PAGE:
Today I've at last found a comfortable "niche" for my artwork, and divide my time between sculpting horses and painting models. Who would have thought a hobby I'd enjoyed at age 10 would end up being my livelihood twenty years later?
About my model horse painting:
I have no idea exactly how many models I have painted, but I believe
the number exceeds 200 at this point, mostly resins. My work has won
many, many awards and is NAN placed and live show proven.
I began painting around 1988. After winning consistently with my own
items, I began to paint a few here or there for other people, by
request. By 1995 I started selling painted resins on consignment with
DaBar, a company located in Arizona that produced most of Kathleen
Moody's resin editions plus work of many other artists. This gave me
the wonderful opportunity to always have a fresh supply of quality
resin bodies available at all times. Soon I began to produce my own
limited edition resins, and as DaBar faded off into model
horse history, I had a new source for supplying myself with all the
horse resins I could paint.
I've also designed paint jobs for companies such as Breyer, including
the classic scale Grulla Overo Cutting Horse and Cow, and the JCPenny
Special Run series with the "hidden pictures" of bears, wolves, and
eagles, just to name a few. When I originally submitted the sculpture
that would later become "Rejoice" the National Show Horse, I did a
sample paint job on the clay piece to show how the finished
product might look. Surprisingly, they liked the paint so well they
chose this light bay tobiano color for the regular release, which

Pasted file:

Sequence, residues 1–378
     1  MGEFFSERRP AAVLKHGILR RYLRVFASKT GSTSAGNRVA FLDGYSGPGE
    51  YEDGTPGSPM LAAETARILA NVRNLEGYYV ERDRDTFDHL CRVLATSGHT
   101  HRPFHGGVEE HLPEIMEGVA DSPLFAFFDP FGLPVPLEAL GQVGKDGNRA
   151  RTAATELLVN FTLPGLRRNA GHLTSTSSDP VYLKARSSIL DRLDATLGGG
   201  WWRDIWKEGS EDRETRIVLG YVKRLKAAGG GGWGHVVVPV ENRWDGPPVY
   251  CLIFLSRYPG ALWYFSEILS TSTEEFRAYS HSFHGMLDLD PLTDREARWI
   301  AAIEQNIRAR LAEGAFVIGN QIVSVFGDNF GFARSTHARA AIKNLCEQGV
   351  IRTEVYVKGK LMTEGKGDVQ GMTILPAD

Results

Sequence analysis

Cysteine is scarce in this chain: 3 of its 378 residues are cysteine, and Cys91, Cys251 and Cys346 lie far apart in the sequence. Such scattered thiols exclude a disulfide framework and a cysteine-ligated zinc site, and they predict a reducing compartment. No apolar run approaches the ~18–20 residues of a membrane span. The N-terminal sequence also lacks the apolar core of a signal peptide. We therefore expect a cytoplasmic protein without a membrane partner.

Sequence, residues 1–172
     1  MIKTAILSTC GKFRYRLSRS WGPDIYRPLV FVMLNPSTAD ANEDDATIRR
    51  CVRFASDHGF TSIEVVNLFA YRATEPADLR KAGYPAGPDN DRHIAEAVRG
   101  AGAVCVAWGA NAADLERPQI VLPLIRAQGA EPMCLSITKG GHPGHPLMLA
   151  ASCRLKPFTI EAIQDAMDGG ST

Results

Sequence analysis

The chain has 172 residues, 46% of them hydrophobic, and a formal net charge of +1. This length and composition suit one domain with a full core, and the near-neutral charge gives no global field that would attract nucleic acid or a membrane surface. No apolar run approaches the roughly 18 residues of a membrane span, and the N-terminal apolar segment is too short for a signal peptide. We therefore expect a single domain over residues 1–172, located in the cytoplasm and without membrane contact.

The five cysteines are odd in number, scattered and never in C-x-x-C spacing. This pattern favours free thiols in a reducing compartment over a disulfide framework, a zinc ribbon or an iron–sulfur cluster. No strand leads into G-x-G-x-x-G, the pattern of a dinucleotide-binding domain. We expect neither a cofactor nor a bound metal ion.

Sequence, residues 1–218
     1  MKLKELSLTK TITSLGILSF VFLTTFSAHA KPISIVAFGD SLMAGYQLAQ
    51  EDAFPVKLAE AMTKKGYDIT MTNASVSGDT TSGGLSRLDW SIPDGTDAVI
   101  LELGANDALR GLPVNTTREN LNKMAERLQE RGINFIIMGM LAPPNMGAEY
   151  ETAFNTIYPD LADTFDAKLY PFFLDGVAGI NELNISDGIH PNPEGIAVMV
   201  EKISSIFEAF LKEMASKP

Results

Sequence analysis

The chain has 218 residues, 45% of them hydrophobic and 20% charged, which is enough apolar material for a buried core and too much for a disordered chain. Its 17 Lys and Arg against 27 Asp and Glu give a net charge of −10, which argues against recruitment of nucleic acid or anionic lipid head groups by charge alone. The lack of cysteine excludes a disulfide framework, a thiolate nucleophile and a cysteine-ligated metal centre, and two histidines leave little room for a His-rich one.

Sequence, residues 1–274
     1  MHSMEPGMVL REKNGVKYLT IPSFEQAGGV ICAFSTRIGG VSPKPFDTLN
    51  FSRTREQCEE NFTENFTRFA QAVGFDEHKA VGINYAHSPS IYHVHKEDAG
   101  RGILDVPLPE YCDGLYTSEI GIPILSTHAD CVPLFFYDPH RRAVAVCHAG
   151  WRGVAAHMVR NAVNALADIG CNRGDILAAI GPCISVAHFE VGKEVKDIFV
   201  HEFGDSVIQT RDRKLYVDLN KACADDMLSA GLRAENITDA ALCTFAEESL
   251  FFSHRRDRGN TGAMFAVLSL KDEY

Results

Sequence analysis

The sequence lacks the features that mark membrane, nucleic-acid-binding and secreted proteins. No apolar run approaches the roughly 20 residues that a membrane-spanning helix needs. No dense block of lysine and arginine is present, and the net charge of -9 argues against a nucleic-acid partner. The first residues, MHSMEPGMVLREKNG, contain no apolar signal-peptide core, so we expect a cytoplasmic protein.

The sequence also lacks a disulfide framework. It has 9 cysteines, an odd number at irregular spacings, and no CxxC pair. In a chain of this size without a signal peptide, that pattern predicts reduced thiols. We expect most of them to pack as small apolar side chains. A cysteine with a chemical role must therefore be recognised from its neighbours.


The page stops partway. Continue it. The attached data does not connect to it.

makes this run of the mold very special to me. The QVC special
run "Artist's Proof" gave me another opportunity to design a paint
finish on a sculpture of mine as well.
It was a big and scary move to decide to take custom orders from the
general public, not just friends. It took much time and years of
experience to feel confident I could copy a photo - any photo - and
reproduce the same color on a model horse. Luckily, things have
turned out very well, with a lot of very thrilled customers eager to
find this kind of service.
Some folks are very surprised to hear that I actually take custom
paint orders. Many people have no idea I know how to paint at all!
This hasn't been the case in Arizona, and for years I've rarely had to
advertise due to the wonderful support and repeat business of the
local collectors in this state. In fact, advertising or soliciting
paint jobs has rarely been the case, word of mouth has done the job
very well for years. The reward for good work is always, more work!
I owe a huge thank you to all of you who have ordered from me in the
past. Every time I see another model I've painted win in the show
ring, I don't know who is more excited, the owner or myself. Thanks
so much for supporting my art.
Technique and Materials:
Models are airbrushed in acrylic. I begin with a light base color,
and build up the final effect through careful application of layer
upon layer of paint, including metallic undercoats on all colors
except grays. Many of my paint jobs feature dappling, and are
finished with hand painted markings, eyes, and hooves